Crime Library: Criminal Minds and Methods

The Gallaudet Murders

Mental State

Joseph Mesa
Joseph Mesa

The November trial date came and went, with legal delays. Judge Robert Richter ordered Mesa to undergo psychiatric examinations at St. Elizabeth's hospital to assess his mental state at the times of the crimes. He would also be evaluated for competency to waive an insanity defense in the event he disagreed with his attorney's strategy. The findings were due in court on February 19, 2002. The defense knew the odds were against an acquittal, especially given the obvious and petty motive, but it was not impossible. What both sides gained was a delay, as the trial was further postponed.

Richter ruled that Mesa would stand trial for both murders, contrary to Bond's hope to have two separate trials. Bond also attempted to suppress the evidence found during a police search of Mesa's dorm room, but the judge ruled that the prosecutor could use the items.

In the meantime, Mesa had made his own plans for his defense. Contrary to resisting an insanity defense, he had some ideas for how to make it work for him. In March and April of 2002, he wrote to his girlfriend, Melani de Guzman, and asked her to help beef up his case for mental illness with a few little lies. "It isn't true," he stated, "but I hope it will work, anyway." He also sent a letter to his brother-in-law in Guam to persuade him to destroy evidence. Investigators who learned about these communications confiscated a series of letters, and defense attorney Ferris R. Bond moved to have them suppressed.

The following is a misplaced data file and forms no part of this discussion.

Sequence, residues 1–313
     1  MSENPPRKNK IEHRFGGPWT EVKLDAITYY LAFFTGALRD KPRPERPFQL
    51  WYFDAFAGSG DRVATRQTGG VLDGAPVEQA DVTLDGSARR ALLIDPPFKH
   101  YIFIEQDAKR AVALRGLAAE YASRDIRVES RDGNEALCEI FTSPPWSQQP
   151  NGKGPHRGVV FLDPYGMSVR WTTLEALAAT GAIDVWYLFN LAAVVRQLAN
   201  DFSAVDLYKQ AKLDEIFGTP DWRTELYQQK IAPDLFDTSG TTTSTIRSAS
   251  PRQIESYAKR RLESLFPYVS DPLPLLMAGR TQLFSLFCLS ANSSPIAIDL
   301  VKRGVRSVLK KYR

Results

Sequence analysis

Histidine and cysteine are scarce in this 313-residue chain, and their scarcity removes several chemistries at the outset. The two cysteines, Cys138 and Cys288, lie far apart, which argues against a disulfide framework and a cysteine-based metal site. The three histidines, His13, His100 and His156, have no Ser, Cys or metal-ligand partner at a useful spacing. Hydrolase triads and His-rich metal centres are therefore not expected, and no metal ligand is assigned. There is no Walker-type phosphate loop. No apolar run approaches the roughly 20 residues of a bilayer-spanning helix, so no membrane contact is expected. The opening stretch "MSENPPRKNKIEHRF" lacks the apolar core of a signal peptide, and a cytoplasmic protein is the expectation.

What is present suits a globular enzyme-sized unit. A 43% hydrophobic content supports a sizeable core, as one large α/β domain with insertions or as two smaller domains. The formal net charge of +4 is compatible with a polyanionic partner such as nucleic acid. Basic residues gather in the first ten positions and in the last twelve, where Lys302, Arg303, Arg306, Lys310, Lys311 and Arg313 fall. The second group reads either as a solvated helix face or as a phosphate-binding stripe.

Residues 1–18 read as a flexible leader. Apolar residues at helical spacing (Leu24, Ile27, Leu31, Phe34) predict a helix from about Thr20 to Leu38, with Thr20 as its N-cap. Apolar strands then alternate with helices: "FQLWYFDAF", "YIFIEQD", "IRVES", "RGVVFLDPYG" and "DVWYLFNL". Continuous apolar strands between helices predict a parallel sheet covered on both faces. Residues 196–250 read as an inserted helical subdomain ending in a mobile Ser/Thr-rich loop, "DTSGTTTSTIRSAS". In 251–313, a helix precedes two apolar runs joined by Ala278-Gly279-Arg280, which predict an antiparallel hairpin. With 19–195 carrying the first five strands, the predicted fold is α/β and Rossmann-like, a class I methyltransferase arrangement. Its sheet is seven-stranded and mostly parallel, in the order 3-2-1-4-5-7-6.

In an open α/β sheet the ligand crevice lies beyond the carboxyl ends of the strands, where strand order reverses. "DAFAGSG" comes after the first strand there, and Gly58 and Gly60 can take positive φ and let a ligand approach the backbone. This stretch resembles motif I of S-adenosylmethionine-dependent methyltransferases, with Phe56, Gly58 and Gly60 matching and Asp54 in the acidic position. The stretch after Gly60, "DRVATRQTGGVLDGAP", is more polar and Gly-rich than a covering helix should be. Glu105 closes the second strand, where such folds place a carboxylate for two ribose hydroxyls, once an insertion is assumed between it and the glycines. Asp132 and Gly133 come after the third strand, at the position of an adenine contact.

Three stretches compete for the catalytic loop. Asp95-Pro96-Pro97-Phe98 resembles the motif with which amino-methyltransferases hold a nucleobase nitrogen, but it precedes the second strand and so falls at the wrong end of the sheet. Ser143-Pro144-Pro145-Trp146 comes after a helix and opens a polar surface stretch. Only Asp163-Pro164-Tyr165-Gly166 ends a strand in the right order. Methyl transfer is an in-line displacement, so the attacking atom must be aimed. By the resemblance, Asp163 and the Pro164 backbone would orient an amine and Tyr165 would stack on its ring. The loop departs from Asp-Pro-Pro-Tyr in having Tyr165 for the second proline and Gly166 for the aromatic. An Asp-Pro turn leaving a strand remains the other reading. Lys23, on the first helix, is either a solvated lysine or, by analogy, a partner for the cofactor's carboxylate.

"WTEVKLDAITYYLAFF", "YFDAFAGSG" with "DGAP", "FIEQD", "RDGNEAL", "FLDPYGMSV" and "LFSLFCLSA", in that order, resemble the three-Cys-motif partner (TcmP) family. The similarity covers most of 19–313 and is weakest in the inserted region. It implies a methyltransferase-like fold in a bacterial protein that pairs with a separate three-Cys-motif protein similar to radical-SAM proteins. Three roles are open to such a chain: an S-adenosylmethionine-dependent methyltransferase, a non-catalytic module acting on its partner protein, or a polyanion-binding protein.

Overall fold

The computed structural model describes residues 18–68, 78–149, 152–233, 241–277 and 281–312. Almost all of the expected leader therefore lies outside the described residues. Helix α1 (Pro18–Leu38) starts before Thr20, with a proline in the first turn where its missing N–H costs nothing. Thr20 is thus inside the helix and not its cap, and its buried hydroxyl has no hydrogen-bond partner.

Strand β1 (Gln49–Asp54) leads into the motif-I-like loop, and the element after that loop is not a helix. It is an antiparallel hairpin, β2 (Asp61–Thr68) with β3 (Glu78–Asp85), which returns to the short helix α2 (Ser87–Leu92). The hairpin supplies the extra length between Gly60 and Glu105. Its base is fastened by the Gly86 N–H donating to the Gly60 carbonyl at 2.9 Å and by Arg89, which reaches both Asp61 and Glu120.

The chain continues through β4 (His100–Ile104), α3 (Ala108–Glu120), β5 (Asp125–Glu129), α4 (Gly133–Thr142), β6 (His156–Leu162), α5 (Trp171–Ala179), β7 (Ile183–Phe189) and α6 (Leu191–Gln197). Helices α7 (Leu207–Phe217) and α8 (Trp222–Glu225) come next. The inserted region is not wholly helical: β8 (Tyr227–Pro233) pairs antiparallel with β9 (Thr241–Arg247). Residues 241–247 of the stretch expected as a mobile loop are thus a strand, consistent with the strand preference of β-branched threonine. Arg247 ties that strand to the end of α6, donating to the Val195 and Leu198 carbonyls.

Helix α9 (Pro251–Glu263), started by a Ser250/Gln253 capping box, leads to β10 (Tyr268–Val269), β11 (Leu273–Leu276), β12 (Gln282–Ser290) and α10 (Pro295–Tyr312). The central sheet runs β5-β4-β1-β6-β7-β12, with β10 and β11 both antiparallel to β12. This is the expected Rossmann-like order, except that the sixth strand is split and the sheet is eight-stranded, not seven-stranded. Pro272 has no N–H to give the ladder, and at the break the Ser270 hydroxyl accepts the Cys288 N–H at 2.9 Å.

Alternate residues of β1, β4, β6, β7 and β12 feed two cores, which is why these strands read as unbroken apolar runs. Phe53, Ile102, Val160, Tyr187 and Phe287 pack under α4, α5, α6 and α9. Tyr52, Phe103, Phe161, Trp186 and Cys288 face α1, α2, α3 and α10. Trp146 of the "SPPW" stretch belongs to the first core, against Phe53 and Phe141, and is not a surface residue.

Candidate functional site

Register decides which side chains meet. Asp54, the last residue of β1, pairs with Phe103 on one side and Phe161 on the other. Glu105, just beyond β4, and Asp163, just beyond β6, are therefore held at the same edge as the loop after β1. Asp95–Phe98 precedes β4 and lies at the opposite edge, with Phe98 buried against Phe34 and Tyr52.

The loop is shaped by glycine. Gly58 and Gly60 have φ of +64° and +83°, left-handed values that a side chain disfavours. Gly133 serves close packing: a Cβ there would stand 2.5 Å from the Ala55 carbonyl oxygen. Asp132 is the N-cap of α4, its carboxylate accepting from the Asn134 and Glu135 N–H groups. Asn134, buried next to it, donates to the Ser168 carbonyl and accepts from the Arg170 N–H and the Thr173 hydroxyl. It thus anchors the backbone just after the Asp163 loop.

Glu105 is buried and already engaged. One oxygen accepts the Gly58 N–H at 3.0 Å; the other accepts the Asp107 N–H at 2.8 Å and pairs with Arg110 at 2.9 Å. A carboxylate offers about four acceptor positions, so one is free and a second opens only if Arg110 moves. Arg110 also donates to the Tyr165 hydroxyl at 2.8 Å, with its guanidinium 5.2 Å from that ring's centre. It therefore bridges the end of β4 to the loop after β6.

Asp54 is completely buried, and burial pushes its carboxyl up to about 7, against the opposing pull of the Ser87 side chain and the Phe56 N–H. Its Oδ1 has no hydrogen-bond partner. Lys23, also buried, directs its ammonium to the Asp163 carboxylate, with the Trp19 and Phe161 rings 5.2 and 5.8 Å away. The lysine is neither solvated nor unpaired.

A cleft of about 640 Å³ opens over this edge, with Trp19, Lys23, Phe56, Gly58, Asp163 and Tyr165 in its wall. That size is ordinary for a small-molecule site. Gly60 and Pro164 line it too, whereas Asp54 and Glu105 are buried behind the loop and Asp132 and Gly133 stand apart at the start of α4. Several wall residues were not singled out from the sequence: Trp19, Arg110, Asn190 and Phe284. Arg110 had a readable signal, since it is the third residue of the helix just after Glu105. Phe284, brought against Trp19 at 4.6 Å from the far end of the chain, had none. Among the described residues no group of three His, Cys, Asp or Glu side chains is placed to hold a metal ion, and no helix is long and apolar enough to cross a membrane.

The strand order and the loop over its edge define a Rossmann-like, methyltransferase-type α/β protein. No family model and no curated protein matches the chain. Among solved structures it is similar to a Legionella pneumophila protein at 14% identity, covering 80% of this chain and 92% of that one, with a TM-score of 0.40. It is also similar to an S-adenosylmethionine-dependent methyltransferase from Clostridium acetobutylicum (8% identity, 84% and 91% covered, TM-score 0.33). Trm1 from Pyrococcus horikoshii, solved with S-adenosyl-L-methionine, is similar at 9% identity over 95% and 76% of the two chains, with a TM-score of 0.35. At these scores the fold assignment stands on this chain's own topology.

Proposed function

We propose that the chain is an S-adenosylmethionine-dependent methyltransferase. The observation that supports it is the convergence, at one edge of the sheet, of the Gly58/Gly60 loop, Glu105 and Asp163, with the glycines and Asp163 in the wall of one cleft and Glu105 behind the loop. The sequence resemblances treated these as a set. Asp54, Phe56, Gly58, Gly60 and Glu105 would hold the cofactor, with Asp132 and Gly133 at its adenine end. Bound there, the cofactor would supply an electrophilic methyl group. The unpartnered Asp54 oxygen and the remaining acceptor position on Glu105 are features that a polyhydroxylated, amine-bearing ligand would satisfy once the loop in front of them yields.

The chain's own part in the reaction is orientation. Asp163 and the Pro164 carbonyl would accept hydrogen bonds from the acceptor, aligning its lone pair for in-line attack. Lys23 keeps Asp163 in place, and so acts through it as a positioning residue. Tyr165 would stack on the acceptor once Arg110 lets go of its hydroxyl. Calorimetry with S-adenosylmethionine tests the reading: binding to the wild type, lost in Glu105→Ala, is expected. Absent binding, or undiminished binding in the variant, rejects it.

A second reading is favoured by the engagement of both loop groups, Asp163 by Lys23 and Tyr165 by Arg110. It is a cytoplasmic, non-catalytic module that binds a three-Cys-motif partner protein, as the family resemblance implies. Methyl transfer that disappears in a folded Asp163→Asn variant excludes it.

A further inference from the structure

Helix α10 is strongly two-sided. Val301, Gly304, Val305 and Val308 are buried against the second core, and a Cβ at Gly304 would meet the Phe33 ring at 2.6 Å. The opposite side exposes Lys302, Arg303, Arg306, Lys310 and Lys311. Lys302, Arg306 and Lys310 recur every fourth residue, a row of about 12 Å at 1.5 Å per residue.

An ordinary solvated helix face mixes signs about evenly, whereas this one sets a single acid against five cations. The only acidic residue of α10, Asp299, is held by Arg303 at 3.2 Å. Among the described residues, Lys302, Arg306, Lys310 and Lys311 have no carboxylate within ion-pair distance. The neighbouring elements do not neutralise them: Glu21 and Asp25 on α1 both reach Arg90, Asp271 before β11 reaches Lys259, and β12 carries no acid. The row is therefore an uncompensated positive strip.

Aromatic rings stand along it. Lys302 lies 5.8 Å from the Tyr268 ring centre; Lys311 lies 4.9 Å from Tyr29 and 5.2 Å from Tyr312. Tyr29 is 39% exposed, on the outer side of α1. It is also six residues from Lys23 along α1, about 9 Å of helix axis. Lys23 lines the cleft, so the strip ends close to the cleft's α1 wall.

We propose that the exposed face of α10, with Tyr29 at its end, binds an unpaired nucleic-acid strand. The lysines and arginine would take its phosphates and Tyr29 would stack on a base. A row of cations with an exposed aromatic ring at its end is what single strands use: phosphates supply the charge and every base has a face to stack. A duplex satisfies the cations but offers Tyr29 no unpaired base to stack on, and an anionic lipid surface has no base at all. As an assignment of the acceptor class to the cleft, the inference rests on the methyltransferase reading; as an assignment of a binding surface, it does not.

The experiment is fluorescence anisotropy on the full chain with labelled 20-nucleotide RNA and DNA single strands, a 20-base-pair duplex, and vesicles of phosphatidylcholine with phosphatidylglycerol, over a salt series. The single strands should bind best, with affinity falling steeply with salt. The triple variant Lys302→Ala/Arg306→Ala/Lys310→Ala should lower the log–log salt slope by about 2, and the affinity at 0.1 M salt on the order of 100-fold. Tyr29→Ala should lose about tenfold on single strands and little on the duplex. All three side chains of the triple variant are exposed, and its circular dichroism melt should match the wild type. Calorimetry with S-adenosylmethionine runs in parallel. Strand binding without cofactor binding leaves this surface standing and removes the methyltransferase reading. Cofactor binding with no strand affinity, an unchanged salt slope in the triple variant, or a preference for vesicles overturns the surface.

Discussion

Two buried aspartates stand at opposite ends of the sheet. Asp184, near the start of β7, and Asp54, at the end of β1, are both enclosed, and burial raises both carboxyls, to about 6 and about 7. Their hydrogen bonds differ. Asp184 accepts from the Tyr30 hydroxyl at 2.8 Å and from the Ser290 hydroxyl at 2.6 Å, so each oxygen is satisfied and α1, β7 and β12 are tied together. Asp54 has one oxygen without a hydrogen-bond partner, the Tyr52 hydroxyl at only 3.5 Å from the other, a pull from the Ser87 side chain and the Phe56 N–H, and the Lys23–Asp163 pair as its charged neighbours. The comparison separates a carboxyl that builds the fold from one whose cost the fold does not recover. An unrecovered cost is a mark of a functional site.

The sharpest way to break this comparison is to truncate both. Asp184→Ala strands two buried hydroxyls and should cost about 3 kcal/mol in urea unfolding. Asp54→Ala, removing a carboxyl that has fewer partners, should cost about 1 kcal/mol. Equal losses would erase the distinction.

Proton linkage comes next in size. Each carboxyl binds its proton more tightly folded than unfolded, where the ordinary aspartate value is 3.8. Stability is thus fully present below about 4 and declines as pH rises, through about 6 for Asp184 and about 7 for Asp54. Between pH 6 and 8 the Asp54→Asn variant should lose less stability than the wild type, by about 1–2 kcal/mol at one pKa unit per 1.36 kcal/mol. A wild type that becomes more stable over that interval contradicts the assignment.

The federal prosecution team was Assistant U. S. Attorney Jeb Boasburg and Assistant U. S. Attorney Jennifer M. Collins. Their argument was simple: Mesa had methodically selected specific individuals to rob and kill so he could purchase items for himself and his girlfriend.

Bond's argument was more surprising. A lifetime of frustration over his inability to communicate had triggered Mesa's bad behavior. He had directions to kill in his head, not from voices, as hearing people might, but in sign language. Supposedly, two hands directed his behavior and he could not stop. Thus, at the time of both murders, Mesa had been legally insane. (Bond apparently had no explanation for Mesa's lack of remorse afterward.)

The trial required an interpreter for Mesa, which meant the procedure would be much longer than normal because all comments had to be relayed to him. The courtroom windows were covered and Mesa was given a partition for private conferences with his attorney, which had to be conducted in sign language. Once everything was in place, the trial commenced.

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